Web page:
I never cared a bit about fan belts before I went to Belize, never gave them a second thought. But London’s bus gave me a special appreciation for the fan belt -- I learned how it could make or break my day. London’s bus had the sort of engine that depended on a single fan belt for its very survival. Some engines, so I have been told, run with the aid of two, even three belts, so if one belt goes, that’s okay, you’re still in business. But London’s bus liked to live on the edge. So if the belt stripped or broke, we were dead on the road. The bus liked to toy with us and its game was all about kicking its fan belt loose and stranding us. The first time the bus broke down was on our way out of Belize City. . . we hit a bump and there was a pop and a whir and then the silence. We rolled to the side of the road and London and Nigel got out of the bus, opened the hood and started wheedling around up there . . . great mechanical bangs and murmurings, while I sat with the troops. Five minutes later we were back in business and on the road to Chan Chich. Nigel sat next to me and over the din of the road and through a veil of dust coming in the windows he told me the fan belt had popped off, not a problem. And I, knowing not a thing about fan belts, blinked and then offered the troops peppermints from my goodie bag.

Two hours later we were on the Northern Highway and that pop and whir and roll to a silent stop happened again. London opened the door and motioned for Nigel to follow. Up came the grey hood of the bus again and this time I got up and went out to see what the matter was. I found London head down in the maw of the bus engine and Nigel steadying London’s balancing act. Nigel looked at me and smiled, “Never fear, just the fan belt again . . . say, this might take a while longer. Why don’t you tell everyone to get their binoculars and come on out. This is a great place to bird!” I did as I was told and went back in the bus and made a short announcement to my dusty, red faced crew, “Nigel says we’ll be on the road again shortly, but in the meantime this is a lovely place to take a break and bird.” They all pulled themselves up and started digging around for their binoculars and cameras and bird books. As they trundled past me and out of the bus, Miss Rockbottom stopped, breathed heavily in my face and said, “WHAT is wrong with THIS BUS?” I smiled and said “Nothing to worry about, something about a fan belt. I am sure they will fix it and we’ll be on our way.” Of course I wasn’t sure, but that was my story and I was sticking to it. Eloise was not satisfied with my answer, but it was clear by this early stage in the trip that she took nothing I said seriously. She waddled down the steps and out of the bus into the bright sub-equator sun, she was flushed with the heat, and her shoulders seemed tired from holding all of her upright. She disappeared round the front fender of the bus and I heard her boom at Nigel, “WHAT is wrong with THIS BUS?” I heard some pinging about inside the engine and I absentmindedly sat in London’s seat, the driver’s seat, for a moment and turned the great steering wheel back and forth as though I was driving the bus . . . an empty bus, I was headed north to Mexico! The sun was beating down on the trail of dust I was leaving behind me, and I was being chased by Federales—I had stolen the bus! I had abandoned a group of American tourists in the rain forest and taken the bus by force. I was crazed with speed . . . my daydream was cut short, “Hey! Wolfy! We need some sunscreen!”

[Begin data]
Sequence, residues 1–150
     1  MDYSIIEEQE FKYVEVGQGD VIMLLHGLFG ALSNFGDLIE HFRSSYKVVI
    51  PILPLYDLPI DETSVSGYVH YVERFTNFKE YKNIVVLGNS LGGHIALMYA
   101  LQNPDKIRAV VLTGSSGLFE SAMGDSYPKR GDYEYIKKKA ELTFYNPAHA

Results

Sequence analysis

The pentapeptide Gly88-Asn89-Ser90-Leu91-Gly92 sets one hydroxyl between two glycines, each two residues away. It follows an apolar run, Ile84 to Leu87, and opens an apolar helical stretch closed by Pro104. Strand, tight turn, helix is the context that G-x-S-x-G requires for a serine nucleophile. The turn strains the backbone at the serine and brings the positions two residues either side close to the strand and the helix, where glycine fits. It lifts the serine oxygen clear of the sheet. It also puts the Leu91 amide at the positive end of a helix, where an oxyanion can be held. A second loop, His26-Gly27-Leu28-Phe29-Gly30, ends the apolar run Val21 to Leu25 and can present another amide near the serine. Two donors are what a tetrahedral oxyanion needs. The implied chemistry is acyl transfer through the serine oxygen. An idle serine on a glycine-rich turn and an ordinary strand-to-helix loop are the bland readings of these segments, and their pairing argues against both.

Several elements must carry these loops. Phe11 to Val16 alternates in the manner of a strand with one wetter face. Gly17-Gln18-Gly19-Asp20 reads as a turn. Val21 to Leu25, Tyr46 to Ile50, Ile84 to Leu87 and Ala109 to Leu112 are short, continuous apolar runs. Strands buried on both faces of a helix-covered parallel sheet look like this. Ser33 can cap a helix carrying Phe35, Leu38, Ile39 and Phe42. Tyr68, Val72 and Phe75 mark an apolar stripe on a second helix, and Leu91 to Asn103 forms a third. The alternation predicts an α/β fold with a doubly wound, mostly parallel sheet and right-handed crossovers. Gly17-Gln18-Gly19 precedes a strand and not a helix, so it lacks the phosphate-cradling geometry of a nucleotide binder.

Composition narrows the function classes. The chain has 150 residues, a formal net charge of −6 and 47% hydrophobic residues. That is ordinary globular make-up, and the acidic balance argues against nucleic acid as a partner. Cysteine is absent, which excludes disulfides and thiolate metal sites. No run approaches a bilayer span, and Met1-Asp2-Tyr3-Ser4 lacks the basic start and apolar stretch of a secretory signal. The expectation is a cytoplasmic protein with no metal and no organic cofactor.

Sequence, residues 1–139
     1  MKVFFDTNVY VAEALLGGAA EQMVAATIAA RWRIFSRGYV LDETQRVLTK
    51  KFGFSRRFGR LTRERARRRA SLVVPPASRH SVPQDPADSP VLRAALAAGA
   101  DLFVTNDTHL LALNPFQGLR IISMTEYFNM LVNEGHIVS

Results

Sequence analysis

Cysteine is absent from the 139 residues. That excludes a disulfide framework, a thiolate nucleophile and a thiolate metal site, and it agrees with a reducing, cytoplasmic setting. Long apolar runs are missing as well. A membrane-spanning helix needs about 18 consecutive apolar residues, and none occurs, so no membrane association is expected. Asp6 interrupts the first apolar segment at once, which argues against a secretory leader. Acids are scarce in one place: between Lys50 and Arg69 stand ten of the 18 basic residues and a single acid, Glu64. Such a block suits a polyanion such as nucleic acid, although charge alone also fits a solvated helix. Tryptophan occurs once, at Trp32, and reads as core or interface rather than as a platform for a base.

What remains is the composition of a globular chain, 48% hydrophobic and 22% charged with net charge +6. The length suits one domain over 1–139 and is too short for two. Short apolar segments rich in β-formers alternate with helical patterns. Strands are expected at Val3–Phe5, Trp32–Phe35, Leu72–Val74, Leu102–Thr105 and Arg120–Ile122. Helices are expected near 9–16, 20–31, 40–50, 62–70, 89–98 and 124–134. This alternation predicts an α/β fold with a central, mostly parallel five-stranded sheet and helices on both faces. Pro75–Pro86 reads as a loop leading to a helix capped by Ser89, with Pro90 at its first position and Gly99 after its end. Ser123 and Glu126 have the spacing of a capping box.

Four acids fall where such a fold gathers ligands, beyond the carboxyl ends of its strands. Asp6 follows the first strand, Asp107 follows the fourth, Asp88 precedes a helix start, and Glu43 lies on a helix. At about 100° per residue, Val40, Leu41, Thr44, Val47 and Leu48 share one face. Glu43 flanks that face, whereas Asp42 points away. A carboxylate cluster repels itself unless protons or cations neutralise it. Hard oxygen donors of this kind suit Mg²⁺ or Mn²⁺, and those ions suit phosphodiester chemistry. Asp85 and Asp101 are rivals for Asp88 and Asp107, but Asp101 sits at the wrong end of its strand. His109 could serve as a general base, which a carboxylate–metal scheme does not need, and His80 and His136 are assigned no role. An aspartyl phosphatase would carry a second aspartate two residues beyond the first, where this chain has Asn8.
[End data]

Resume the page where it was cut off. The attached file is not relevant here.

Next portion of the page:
Thursday, April 1, 2010

Spring Pig

Oh to be a pig in a meadow on a sunny spring day . . . grazing with Brother Goat in the barely perceptible shade of a red bud in full bloom. Some pig he was, stout and pink as the flox that's carpeting the banks of the road these days. And his ears were so delightfully sharp that it made us certain that he was tuning into the best local jazz station by some sort of hog radar magic.

Fortune . . .

At least I am not that poor guy who has been wearing the greenish Lady Liberty suit and marching up and down Churton Street since January. He carries a sign saying Honk If You Love Liberty. That’s Liberty Tax Services, the store front that looms behind him as he waves to passers-by. His costume is getting dingier and dingier and the spikes of his crown droop now. I tell myself when I drive past him every day, tempted to honk, just because it might cheer him to think that someone is paying attention to him, that at least I am not him, but I don’t honk. And besides April 15th is coming, his days as Mr. Liberty are numbered.